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Putzmann Review


Putzmann - the name itself is a joke!
An Editor's Review

German humor is not an oxymoron. Anybody who's spent time in Europe can see for himself that Germans enjoy a good laugh like anybody. A good half of American comic tradition came from German immigrants, particularly physical humor, and only the language barrier keeps it from dominating PBS on weekends instead of the BBC. That's where the Brits cashed in on a common language.

Wright has captured this humor well in PUTZMANN'S DESTINY. His ear for dialogue accurately depicts the earthy wit of farmers and country folk in the mountainous region of southwestern Germany, a culture comparable to Appalachia. Now imagine some sophisticated, over-educated, self-centered city slicker from Manhattan dropped into the middle of the tobacco farms near the Cumberland Gap. That's Harald Putzmann, a one-time investment banker from Berlin. It’s 1991, and Germany is recently reunited. Putzmann lost 50 million of the bank's money in the S&L scandal, and now he's well known in banking circles for all the wrong reasons. As the sole living blood relative of the late Hermann Linder, he's recently inherited a farm in a flyspeck of a town called Kummelsdorf, near the county seat, Goeppingen, some thirty miles east of Stuttgart.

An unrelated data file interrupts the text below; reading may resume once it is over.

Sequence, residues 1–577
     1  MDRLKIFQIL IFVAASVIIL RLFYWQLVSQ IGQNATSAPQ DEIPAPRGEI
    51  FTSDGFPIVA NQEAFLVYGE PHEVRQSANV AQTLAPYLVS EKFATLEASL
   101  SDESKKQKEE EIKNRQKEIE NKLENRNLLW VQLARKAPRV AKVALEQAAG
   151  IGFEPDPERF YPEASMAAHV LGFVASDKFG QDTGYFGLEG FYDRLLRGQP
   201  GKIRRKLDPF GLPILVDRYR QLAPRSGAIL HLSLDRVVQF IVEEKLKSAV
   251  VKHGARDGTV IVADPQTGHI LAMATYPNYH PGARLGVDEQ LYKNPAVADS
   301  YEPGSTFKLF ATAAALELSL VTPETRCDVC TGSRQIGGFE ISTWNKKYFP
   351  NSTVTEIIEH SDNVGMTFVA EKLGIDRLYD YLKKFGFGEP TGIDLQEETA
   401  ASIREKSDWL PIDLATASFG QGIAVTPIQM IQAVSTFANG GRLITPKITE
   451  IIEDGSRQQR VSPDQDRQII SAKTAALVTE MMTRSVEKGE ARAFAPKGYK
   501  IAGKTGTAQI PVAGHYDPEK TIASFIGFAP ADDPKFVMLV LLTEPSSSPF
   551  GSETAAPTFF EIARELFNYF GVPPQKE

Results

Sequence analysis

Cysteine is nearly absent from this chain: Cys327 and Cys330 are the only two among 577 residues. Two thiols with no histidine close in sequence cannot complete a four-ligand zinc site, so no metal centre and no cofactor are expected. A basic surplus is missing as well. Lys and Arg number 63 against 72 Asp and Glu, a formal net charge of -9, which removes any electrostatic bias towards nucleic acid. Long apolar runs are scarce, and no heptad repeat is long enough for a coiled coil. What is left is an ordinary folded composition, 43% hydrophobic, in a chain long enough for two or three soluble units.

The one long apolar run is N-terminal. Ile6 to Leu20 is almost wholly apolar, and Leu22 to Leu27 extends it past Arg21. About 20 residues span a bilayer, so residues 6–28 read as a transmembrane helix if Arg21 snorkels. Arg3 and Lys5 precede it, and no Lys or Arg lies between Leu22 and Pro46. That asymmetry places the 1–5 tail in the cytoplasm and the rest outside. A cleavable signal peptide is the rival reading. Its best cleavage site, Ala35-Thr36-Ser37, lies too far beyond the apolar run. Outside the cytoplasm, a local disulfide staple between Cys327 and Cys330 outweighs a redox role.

With no place else to go, and nothing else to do, Putzmann moves onto the farm to start over. His big city ways fit the country lifestyle like a tuxedo at a barn dance, and he wastes no time raising the hackles on everybody in this community. The regulars who sit down together for a drink at quitting time in Gasthof Meincke, the local tavern, initially groan over having this obnoxious, citified neighbor. They soon scheme ways to help Putzmann adapt to country living, first by installing a speed bump on the farm road he shares with two neighbors, then later with sincere lessons on farming and selling him seed stock at cost.